When Nigerians think about the disappointments of their perpetually infantile nation, they often focus narrowly on rigged elections and the abuses of their gluttonous public officials. These are, without question, serious symptoms of dysfunction.
Even so, I fear that we neglect to zero in on the way that police (and often military) brutality serves to remind Nigerians that they are serfs in their own country.
Any Nigerian who has had an unwelcome encounter with the Nigerian police – and that, I suspect, is most of us – can tell you that the experience is akin to being besieged by a horde of rabid hyena.
I know. More than twenty years ago, I was arrested in Onitsha (along with two of my journalist friends) just because we stood up for a young man who was slapped by a police officer – and then ordered to sit down on the wet ground (it had rained heavily). What was the young man’s offense?
We were all in the same bus (headed for Awka) when the police flagged it down and asked the driver to come down. The young man leaned out of the window and beckoned to one of the officers. “My father died,” he explained to the officers, “and I’m coming from Kano to go and make arrangements for his burial.” He then begged the officer to let us go.
“Shut up!” barked the officer, smacking him on the face.
“Why do you have to slap me?” the passenger asked.
“You want to know why?” the officer fumed. “Oya, come down!” As soon as the man got down, the officer pointed to the wet earth. “Quick, quick, sit down!” the officer instructed.
Outraged by this senseless humiliation of an innocent citizen, I asked the passenger not to sit in the wetness.
My intervention earned the officers’ ire. They decreed that I alight from the bus. When my two colleagues tried to reason with the officers, they, too, were dragged down. One of my colleagues began to scribble the name of one of the officers on a piece of paper. Another officer ran from behind and, with the butt of his gun, dealt a blow at my colleague’s hand, knocking down his pen and paper. With his boot, the officer then smashed both the pen and paper into the soggy earth.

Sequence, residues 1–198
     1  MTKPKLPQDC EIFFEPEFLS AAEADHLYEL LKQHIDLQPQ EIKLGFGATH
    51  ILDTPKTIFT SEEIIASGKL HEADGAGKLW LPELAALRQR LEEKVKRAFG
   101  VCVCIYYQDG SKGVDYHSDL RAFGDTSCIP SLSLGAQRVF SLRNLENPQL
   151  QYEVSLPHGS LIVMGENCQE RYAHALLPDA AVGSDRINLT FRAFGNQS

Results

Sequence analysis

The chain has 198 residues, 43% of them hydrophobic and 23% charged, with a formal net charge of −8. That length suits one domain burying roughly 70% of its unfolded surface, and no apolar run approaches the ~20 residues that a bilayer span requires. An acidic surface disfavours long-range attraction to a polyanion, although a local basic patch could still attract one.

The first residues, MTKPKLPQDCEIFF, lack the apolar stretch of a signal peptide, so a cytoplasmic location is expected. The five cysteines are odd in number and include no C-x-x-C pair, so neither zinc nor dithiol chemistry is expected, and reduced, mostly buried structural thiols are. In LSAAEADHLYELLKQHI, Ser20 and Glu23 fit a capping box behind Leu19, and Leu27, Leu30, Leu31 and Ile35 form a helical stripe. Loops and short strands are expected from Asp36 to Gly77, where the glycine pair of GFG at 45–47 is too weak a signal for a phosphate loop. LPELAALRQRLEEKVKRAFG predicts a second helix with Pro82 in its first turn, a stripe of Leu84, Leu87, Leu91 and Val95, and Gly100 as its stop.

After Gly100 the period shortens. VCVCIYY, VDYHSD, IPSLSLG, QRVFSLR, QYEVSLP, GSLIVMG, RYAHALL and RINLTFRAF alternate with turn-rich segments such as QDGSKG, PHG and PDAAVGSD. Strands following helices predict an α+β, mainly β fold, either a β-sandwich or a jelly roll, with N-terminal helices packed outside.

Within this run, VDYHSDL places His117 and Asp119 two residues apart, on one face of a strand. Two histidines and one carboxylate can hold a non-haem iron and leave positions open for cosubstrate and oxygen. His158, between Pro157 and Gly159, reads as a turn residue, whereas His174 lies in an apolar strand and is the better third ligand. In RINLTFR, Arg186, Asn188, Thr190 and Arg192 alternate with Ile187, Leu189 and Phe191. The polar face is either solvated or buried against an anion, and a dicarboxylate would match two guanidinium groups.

At this point, the officers were so infuriated that they ordered other passengers in the vehicle to get down and look for other buses. Then they herded my two colleagues, the smacked man and me onto the bus. Three officers hopped in as well, and the driver was commanded to turn around and head for a police camp in a remote part of Onitsha. As we drove there, the three officers cursed and threatened us. He promised that, once at their camp, we’d be so beaten up that our mothers would not recognize us.
In the end, we had a lucky – “narrow” – escape. We were marched before a senior officer who sat on a stump in the early afternoon heat, his eyes bloodshot, attending to a large bottle of Guinness Stout. Our captors then proceeded to tell him a series of lies. They said they’d stopped our vehicle for a simple routine check, but that we then boasted that we were journalists, that we knew all the big men in the country, and that no police officer dared question our driver.
“Bastards!” screamed the senior officer, fixing his fiery eyes on us. But the officer must have sensed a calm in us, and so asked us to tell our own side of things. After we did, he asked if we were really journalists. We produced our ID cards – we were all members of the editorial board of National Concord. Shaken, the senior officer scolded his subordinates. He told them that we could write all of them, himself included, out of their jobs. He apologized to us, asked our hitherto exuberant arresters to apologize, and sent us on our way.